We used data from the UKB30,31,32 and included 437,267 individuals aged 40–69 years in the discovery stage. Study participants were ascertained through United Kingdom National Health Service registers across 22 centers in Great Britain between 2006 and 201032. We included individuals of European ancestry following quality measures and exclusions (sex discordance, high missingness, and/or heterozygosity). Allocating individuals to ethnicity groups was based on self-reported ethnicity matched with principal component analysis ancestry clustering using the k-means clustering method. We excluded participants who had withdrawn consent (n = 39), as well as those who were pregnant or unsure of their pregnancy status at recruitment (n = 372). Non-European ancestry individuals were excluded from the main analysis. We limited our analysis to individuals with complete values for ALT, ALP, and GGT concentration. After exclusions, there were 437,267 individuals for ALT analysis, 437,438 for ALP, and 437,194 for GGT (Fig. 1) analyses. Values of ALT, ALP, and GGT were log 10 transformed to approximate normal distribution. To replicate our SNPs, we used data for 315,572 individuals from three independent studies, namely (i) the Rotterdam Study (NL, N = 6943)33; (ii) the Lifelines study (NL, N = 13,386)34; and (iii) the MVP (USA, N = 294,043)35 (see Supplementary information). For additional replication, we used GRS and sought the effect estimate and explained variance of the GRS on serum level of ALT, ALP, and GGT in independent samples from the Airwave health monitoring study13, a cohort of UK police forces, and in the Northern Finland Birth Cohort 196636,37 (NFBC1966; see Supplementary information).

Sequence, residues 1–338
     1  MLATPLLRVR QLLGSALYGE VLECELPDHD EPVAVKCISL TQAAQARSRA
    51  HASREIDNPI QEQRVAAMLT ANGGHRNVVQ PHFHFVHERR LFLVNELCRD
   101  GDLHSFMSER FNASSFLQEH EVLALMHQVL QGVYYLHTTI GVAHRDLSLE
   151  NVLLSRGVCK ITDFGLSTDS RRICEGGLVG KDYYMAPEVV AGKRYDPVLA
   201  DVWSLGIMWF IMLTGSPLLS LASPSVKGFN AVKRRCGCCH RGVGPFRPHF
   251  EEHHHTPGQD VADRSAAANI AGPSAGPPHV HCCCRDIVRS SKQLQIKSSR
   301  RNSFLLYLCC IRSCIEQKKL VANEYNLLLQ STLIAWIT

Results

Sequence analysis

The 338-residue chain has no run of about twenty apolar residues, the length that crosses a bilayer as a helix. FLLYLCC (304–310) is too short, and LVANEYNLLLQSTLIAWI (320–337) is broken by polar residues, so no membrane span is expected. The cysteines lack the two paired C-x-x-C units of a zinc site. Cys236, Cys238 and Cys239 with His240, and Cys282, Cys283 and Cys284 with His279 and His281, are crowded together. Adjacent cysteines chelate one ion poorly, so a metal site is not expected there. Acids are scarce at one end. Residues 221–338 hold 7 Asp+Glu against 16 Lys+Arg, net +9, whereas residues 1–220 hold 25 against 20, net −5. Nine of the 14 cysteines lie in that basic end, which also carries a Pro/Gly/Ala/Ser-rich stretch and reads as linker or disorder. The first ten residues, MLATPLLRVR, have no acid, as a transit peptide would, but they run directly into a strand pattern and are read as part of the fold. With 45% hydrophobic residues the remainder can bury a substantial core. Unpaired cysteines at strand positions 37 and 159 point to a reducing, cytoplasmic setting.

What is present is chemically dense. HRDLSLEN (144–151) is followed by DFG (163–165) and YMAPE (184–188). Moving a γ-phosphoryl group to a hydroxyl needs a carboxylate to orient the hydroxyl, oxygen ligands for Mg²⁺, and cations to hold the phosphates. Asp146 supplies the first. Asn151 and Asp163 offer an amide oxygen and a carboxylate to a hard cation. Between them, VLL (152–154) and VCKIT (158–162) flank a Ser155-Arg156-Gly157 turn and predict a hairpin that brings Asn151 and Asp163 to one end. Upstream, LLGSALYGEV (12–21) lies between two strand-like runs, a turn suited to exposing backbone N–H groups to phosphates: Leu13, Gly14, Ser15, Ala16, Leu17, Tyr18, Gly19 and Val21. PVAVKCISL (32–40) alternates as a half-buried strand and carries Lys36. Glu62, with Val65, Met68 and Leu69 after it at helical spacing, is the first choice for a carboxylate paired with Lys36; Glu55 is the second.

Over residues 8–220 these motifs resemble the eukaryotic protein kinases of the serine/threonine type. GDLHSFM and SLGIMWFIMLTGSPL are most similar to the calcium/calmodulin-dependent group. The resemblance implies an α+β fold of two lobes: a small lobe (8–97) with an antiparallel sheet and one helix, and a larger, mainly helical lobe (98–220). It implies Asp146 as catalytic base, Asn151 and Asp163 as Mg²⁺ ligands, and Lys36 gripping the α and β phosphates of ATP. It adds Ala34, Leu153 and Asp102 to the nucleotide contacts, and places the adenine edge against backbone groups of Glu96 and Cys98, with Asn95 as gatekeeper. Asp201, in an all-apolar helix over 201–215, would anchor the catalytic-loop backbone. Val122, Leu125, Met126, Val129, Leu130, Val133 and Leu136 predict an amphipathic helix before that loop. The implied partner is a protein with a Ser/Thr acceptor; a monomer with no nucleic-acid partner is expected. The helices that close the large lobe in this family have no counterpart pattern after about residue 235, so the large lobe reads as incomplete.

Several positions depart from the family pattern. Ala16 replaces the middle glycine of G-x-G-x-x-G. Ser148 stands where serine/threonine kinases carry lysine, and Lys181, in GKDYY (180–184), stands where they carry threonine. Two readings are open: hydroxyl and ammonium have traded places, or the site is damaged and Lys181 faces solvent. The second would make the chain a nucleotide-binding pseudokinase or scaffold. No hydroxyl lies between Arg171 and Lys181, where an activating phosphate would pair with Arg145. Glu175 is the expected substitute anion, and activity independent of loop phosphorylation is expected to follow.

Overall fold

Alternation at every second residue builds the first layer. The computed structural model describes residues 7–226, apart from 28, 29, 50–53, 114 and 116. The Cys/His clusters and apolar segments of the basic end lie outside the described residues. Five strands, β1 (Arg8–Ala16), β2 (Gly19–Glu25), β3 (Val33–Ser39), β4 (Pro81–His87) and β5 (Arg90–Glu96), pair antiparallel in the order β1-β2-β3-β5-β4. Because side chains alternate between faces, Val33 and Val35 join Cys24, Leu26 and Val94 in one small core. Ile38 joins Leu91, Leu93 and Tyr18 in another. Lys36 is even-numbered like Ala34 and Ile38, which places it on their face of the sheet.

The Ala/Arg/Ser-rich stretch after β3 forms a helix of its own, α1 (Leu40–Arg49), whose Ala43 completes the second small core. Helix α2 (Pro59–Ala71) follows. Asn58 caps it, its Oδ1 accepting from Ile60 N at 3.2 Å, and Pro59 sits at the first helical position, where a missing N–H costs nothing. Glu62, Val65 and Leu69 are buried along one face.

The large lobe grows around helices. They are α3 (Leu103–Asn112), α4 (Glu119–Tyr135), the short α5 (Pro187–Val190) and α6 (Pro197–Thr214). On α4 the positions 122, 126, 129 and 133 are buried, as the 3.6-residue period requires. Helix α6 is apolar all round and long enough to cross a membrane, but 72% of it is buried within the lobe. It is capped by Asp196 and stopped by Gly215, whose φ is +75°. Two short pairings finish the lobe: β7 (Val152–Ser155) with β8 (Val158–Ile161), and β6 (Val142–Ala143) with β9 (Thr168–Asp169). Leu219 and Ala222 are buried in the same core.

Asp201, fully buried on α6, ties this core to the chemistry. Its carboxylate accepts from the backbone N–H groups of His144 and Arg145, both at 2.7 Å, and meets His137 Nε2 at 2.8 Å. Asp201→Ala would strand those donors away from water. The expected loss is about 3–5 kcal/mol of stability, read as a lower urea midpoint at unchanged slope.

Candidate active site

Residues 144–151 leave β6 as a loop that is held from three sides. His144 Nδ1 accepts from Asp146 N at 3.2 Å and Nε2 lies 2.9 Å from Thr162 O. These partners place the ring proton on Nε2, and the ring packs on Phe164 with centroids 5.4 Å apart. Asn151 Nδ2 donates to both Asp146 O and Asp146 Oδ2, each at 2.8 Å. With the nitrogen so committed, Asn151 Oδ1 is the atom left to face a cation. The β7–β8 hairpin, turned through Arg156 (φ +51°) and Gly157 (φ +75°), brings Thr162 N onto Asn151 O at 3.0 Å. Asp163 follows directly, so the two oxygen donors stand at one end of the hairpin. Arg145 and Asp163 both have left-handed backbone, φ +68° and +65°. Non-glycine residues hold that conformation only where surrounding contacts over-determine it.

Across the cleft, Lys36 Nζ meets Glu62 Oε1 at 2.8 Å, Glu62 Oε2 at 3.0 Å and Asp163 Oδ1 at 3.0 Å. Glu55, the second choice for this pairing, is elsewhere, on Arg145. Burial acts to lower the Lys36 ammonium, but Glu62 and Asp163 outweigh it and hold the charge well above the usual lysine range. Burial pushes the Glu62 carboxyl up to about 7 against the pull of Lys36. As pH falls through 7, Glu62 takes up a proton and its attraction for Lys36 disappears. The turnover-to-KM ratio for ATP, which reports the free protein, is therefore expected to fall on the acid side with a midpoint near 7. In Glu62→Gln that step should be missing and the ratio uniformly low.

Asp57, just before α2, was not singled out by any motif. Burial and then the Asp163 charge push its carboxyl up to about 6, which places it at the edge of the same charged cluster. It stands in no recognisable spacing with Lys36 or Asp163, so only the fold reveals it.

For subsequent analyses such as the association of GRS with various trait and association testing with NAFLD within the UKB, we excluded 918 individuals who had (based on Hospital Episode Statistics [HES] at the time of recruitment) documented International Classification of Diseases Tenth Revision (ICD10) diagnosis code for osteopathy (M45-49 and M80-90), vitamin D deficiency (E55), any liver disorders (K70-K77) including NAFLD (ICD10 code K760), alcohol liver disorder (K70), primary biliary cholangitis (PBC; K74.3), primary sclerosing cholangitis (PSC and K83), autoimmune hepatitis (AIH; K75.4), diseases of the gallbladder (K80-K87), and parathyroid diseases (E214, E215, D351, C750, and D442).